David Eagleman is a neuroscientist and a New York Times bestselling author. He directs the Laboratory for Perception and Action at the Baylor College of Medicine, and also heads the Center for Science and Law. He is best known for his work on sensory substitution, time perception, brain plasticity, synesthesia, and neurolaw.
Beyond his 100+ academic publications, he has published many popular books. His bestselling book Incognito: The Secret Lives of the Brain, explores the neuroscience "under the hood" of the conscious mind: all the aspects of neural function to which we have no awareness or access. His work of fiction, SUM, is an international bestseller published in 28 languages and turned into two operas. Why the Net Matters examines what the advent of the internet means on the timescale of civilizations. The award-winning Wednesday is Indigo Blue explores the neurological condition of synesthesia, in which the senses are blended.
Eagleman is a TED speaker, a Guggenheim Fellow, a winner of the McGovern Award for Excellence in Biomedical Communication, a Next Generation Texas Fellow, Vice-Chair on the World Economic Forum's Global Agenda Council on Neuroscience & Behaviour, a research fellow in the Institute for Ethics and Emerging Technologies, Chief Scientific Advisor for the Mind Science Foundation, and a board member of The Long Now Foundation. He has served as an academic editor for several scientific journals. He was named Science Educator of the Year by the Society for Neuroscience, and was featured as one of the Brightest Idea Guys by Italy's Style magazine. He is founder of the company BrainCheck and the cofounder of the company NeoSensory. He was the scientific advisor for the television drama Perception, and has been profiled on the Colbert Report, NOVA Science Now, the New Yorker, CNN's Next List, and many other venues. He appears regularly on radio and television to discuss literature and science.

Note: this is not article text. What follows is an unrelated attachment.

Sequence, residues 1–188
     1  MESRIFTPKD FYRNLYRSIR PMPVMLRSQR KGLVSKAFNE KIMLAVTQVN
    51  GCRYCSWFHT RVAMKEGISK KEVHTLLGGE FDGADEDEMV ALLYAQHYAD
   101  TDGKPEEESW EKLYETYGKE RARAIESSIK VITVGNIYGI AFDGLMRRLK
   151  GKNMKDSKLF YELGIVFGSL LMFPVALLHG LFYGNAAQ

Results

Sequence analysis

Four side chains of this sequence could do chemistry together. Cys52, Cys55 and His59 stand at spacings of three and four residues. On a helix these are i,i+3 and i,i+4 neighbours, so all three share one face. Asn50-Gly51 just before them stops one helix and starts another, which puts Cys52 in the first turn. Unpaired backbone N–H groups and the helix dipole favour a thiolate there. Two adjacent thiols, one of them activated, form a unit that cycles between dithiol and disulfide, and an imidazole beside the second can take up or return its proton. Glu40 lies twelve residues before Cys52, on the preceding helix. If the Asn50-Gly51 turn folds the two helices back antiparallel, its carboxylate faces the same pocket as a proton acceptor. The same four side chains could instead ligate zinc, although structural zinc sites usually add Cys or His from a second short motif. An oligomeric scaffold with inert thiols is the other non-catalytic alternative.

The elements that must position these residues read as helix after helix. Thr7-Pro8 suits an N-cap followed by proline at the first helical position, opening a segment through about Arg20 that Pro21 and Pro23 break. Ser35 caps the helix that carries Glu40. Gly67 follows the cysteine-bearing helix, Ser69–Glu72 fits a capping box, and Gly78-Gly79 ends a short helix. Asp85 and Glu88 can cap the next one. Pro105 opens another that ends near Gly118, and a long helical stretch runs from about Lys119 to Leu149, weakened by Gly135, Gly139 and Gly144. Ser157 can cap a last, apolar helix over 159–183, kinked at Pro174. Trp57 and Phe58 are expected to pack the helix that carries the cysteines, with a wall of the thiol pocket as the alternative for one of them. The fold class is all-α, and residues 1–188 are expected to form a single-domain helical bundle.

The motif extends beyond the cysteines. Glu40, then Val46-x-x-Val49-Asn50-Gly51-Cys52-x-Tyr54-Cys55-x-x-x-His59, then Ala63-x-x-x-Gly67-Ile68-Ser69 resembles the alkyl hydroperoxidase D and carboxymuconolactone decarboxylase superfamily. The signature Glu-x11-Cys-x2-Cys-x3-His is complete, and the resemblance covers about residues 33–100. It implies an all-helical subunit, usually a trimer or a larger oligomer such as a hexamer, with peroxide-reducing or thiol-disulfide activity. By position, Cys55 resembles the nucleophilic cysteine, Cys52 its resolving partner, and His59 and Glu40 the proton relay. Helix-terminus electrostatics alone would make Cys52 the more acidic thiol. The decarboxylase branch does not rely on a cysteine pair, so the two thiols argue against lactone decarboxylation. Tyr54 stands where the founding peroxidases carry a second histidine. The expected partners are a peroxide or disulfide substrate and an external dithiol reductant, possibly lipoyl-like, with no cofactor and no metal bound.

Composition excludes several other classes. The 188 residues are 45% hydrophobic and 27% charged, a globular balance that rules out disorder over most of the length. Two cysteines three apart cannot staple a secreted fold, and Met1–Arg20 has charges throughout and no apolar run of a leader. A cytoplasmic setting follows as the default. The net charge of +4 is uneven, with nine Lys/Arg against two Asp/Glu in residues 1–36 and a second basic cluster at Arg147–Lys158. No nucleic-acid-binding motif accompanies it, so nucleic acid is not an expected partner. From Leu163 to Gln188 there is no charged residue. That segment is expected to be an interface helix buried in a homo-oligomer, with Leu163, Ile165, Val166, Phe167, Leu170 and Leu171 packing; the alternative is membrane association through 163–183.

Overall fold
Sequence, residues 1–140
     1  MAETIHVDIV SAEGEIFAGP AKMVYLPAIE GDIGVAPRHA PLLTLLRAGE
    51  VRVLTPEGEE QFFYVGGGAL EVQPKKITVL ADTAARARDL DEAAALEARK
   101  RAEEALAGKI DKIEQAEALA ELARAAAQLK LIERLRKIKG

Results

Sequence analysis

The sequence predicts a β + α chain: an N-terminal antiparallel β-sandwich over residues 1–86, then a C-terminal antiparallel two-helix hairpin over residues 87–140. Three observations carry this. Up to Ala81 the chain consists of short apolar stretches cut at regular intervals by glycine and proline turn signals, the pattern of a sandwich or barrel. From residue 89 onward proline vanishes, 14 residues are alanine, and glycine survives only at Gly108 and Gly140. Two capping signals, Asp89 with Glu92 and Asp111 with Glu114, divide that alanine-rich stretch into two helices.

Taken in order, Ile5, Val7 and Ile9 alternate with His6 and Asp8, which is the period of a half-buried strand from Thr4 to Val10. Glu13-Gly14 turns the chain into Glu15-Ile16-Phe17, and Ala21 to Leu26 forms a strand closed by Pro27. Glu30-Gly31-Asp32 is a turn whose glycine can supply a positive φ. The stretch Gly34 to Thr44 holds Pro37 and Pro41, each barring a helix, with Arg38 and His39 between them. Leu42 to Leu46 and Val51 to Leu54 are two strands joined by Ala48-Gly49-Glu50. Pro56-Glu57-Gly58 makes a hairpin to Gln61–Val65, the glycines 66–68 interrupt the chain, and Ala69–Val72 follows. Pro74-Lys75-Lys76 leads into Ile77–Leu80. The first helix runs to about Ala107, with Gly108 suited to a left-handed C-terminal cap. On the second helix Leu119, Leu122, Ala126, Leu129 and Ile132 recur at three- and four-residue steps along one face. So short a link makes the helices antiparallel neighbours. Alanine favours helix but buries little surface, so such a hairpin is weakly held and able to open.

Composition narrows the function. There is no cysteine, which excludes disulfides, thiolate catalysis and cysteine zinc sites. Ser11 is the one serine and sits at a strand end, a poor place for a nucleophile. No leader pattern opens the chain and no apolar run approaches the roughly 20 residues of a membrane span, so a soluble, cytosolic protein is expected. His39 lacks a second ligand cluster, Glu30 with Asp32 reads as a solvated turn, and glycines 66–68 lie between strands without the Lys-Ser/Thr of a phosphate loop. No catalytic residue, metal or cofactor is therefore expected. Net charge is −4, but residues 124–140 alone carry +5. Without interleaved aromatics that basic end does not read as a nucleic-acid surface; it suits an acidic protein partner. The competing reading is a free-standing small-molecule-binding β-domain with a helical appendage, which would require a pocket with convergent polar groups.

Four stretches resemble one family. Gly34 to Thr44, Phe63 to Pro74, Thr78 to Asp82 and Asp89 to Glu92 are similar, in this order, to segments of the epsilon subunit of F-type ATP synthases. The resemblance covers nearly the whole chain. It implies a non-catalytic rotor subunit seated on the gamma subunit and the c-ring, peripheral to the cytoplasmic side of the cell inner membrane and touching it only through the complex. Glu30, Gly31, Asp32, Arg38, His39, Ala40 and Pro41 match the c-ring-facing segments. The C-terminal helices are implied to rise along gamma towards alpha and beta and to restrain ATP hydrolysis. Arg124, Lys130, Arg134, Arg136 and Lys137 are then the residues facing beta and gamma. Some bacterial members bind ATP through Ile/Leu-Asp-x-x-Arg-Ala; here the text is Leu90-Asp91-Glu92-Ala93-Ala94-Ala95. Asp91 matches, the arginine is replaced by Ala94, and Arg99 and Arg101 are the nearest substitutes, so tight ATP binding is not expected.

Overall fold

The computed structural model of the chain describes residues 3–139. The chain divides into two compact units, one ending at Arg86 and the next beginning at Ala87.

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Wednesday is Indigo Blue: Discovering the Brain of Synesthesia has been awarded the Montaigne Medal, Eric Hoffer Award for Books.
David was honored to receive the 2014 John J. McGovern Award for Excellence in Biomedical Education from the American Medical Writers' Assocation. Noted past recipients include authors Oliver Sacks and Abraham Verghese.
In 2011, I scanned a 3,000 mummy. What can (and can't) be concluded based on his perspicuously elongated skull shape, known as dolicocephy (elongated
Why do groups of people inflict violence on unarmed neighbors? (Germany, Rwanda, Darfur, Nanking....). Here's the neuroscience point of view.
I hosted a BBC radio documentary to explore the imagination of one of Italy's foremost writers, Italo Calvino.
Watch a talk I gave at the Long Now Foundation about my hopes that the advent of the internet will mitigate threats that brought down previo
Interested in the intersection of the brain and the legal system? Watch a talk I delivered at the Royal Society for the Arts in London,
Think it's unlikely for a scientist to be featured on the cover of an Italian fashion magazine? Me too! But strange things happen...
In 2011, I posted about my scanning of a 3,000 year old mummy, Neskhons. Now, by analyzing the data in several different ranges of electron density, I
In October 2010, I spoke at PopTech on the limits of science, the problems of false dichotomies, and my new movement of possibilianism. See the video.
Watch an experiment in which we studied time perception by dropping volunteer subjects from a 150 foot high tower. Free fall.
Our ignorance of the cosmos is too vast to commit to atheism, and yet we know too much to commit to a particular religion. A third position, agnostici
In 2011, I performed a CT scan on Neskhons, an Egyptian mummy who I brought to our scanning facilities at Baylor College of Medicine.
Francis Crick, one of the premier biologists of the 20th century, passed away July 28, 2004, in San Diego. On his 88th birthday, I brou